Psycho-Babble Medication Thread 1121631

Shown: posts 1 to 25 of 26. This is the beginning of the thread.

 

Lithium biochemistry (low level mechanisms)

Posted by undopaminergic on January 24, 2023, at 11:50:25

Here is an article on the low-level biochemistry of lithium. I'm mentioning it because it added something to my understanding. For example, most articles simply state that lithium inhibits GSK3 (an enzyme) -- this article elucidates *how* and *why*.

"Free and Bound Therapeutic Lithium in Brain Signaling"
https://pubmed.ncbi.nlm.nih.gov/31556294/

Full article on Sci-Hub:
https://sci-hub.se/https://pubmed.ncbi.nlm.nih.gov/31556294/

Note: no clinically applicable information.

-undopaminergic

 

Re: Lithium biochemistry (low level mechanisms) undopaminergic

Posted by SLS on January 24, 2023, at 14:41:52

In reply to Lithium biochemistry (low level mechanisms), posted by undopaminergic on January 24, 2023, at 11:50:25

> Here is an article on the low-level biochemistry of lithium. I'm mentioning it because it added something to my understanding. For example, most articles simply state that lithium inhibits GSK3 (an enzyme) -- this article elucidates *how* and *why*.
>
> "Free and Bound Therapeutic Lithium in Brain Signaling"
> https://pubmed.ncbi.nlm.nih.gov/31556294/
>
> Full article on Sci-Hub:
> https://sci-hub.se/https://pubmed.ncbi.nlm.nih.gov/31556294/
>
> Note: no clinically applicable information.
>
> -undopaminergic
>

This is a great article. I see you found Sci-Hub, too. It's a great resource.

This is just one more report of the plethora of biological activity that lithium exerts on the brain.

Aspirin for the brain?


- Scott

 

Re: Lithium biochemistry (low level mechanisms) undopaminergic

Posted by SLS on January 24, 2023, at 21:05:32

In reply to Lithium biochemistry (low level mechanisms), posted by undopaminergic on January 24, 2023, at 11:50:25

Hi, UD.

> Note: no clinically applicable information.

My concern with the posting behavior on PB isn't that all posts should be clinically applicable. My concern is that there aren't nearly enough. Pure neuroscience research is extraordinarily valuable, but more so for those who will come after us. Can someone use what they learn from research papers to design a treatment? Of, course they can. Unfortunately, this is uncommon.

Another thing that concerns me is that people obtain the right tools, but have no idea how to use them correctly.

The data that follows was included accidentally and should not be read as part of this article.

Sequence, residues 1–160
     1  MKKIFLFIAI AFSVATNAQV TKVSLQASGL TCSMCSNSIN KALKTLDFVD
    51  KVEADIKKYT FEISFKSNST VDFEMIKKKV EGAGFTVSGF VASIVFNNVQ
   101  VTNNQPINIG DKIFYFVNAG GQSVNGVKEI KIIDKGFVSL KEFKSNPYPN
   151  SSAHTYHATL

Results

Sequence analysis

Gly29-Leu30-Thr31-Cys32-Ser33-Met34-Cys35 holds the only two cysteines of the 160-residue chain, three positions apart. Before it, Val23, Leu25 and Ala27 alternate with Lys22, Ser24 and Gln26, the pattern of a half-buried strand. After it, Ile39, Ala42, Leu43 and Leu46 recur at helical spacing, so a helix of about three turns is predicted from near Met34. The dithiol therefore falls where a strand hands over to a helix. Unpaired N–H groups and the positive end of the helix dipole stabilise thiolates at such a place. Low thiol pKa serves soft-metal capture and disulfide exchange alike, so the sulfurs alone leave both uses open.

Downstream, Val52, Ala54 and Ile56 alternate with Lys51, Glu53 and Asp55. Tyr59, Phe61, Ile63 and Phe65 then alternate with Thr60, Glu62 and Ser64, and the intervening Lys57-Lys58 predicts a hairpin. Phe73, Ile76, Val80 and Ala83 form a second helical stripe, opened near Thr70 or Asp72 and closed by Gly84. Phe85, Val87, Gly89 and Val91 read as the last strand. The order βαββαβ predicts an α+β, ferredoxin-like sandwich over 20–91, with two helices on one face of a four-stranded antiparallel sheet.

This has been on my mind for awhile as a treatment for depression:

1. Wellbutrin
2. Nortriptyline (or another tricyclic)
3. Effexor (or Pristiq or Cymbalta)

4. Low-Dosage Lithium ?
5. Lamictal? (Bipolar Depression) ?


This should be a killer combination according to my blackboard, but how does anyone know if it will work in real life? I don't know. I personally have never seen anyone use it, though. That's clinical. Clinical is more empirical than it is theoretical. Not only does a psychiatrist learn from his own track record, but he also learns from the track records of his buddies.

Psychiatry is guess-work.


- Scott

 

Re: Lithium biochemistry (low level mechanisms)

Posted by Lamdage22 on January 25, 2023, at 2:15:42

In reply to Re: Lithium biochemistry (low level mechanisms) undopaminergic, posted by SLS on January 24, 2023, at 21:05:32

Lithium is the new big thing on Psychobabble :)

 

Re: Lithium biochemistry (low level mechanisms)

Posted by undopaminergic on January 25, 2023, at 4:40:16

In reply to Re: Lithium biochemistry (low level mechanisms), posted by Lamdage22 on January 25, 2023, at 2:15:42

> Lithium is the new big thing on Psychobabble :)

I've been going through recent lithium review articles systematically.

-undopaminergic

 

Re: Lithium biochemistry (low level mechanisms) SLS

Posted by undopaminergic on January 25, 2023, at 4:47:57

In reply to Re: Lithium biochemistry (low level mechanisms) undopaminergic, posted by SLS on January 24, 2023, at 21:05:32

> Hi, UD.

Hi SLS.

> > Note: no clinically applicable information.
>